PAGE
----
COVID-19 immunity passports are seen as a way to get people back to work and travelling. The problem is that the phrase is misleading. An immunity passport relies on the principle that recovery equals immunity. That premise is one that the World Health Organisation and an increasing number of medical studies say is unproven. A recent article in The Scientist referenced two studies that suggest immunity fades over time.
It is not just health risks that are of concern. As the UK’s attempt to create its track and trace programme demonstrated, there is growing concern that responses to COVID-19 will have a significant impact on privacy. To compound that, there is a new concern that the idea of COVID-19 immunity passports pose a risk to human rights.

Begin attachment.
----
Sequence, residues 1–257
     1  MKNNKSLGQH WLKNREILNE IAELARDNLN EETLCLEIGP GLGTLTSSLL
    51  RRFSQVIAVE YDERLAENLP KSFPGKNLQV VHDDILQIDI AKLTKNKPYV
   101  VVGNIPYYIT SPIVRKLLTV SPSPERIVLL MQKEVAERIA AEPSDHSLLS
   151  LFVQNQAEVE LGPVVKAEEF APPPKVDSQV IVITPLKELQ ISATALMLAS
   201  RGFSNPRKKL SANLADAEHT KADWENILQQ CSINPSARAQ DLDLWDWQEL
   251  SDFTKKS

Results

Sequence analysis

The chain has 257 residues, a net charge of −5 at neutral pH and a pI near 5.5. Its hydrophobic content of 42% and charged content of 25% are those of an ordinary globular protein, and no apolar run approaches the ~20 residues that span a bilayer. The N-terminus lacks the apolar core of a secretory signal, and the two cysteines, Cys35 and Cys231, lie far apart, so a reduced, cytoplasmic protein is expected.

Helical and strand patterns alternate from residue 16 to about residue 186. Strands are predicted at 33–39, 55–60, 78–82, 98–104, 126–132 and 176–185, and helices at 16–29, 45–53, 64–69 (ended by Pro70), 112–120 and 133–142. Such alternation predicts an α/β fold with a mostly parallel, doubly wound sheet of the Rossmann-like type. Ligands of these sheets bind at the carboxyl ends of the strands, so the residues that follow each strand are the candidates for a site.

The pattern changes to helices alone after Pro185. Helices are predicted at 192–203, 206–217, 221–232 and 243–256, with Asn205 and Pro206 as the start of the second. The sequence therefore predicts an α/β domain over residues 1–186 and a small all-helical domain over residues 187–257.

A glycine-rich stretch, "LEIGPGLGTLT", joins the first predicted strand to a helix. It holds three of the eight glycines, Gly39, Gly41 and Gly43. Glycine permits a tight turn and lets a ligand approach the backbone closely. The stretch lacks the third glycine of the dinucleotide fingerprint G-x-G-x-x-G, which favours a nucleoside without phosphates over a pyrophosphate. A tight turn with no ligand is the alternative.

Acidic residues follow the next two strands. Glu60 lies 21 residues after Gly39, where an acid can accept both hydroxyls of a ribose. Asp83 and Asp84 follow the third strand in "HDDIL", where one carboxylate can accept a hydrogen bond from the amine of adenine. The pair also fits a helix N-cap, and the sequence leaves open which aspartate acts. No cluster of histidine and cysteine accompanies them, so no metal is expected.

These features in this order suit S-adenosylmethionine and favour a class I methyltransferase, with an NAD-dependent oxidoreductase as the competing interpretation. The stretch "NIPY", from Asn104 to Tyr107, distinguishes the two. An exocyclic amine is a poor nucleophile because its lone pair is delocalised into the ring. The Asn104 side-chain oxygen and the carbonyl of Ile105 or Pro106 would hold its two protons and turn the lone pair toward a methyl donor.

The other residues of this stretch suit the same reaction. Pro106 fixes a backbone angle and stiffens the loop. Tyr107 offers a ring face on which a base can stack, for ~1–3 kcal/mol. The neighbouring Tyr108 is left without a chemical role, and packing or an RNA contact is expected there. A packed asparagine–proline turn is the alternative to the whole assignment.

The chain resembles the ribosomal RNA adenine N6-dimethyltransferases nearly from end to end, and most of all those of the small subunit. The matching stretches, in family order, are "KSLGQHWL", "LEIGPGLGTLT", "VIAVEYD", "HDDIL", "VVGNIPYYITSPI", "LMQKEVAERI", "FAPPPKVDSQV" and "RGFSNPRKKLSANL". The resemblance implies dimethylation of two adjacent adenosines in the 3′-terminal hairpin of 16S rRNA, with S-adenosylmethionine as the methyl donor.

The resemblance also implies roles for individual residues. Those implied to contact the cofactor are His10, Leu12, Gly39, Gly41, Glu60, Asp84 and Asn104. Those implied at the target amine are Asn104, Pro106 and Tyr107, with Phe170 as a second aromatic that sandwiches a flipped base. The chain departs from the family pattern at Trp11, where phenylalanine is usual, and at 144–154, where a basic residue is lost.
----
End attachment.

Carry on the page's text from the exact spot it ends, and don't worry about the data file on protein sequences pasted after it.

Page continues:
A better name is digital health certificate or passport. This is because many of the solutions that Enterprise Times has covered, allow a user to attach the results of several tests. In effect, each test is analogous to a visa. Each test taken by a user is recorded in the passport and can be used to access locations and services.
Enterprise Times has reported on COVI-PASS, TIXnGO, and E-HCert. They all offer a combination of testing and digital health certificates. Others such as IDnow offer highly secure identity services that are being used as part of a government platform.
New research to examine the impact of immunity passports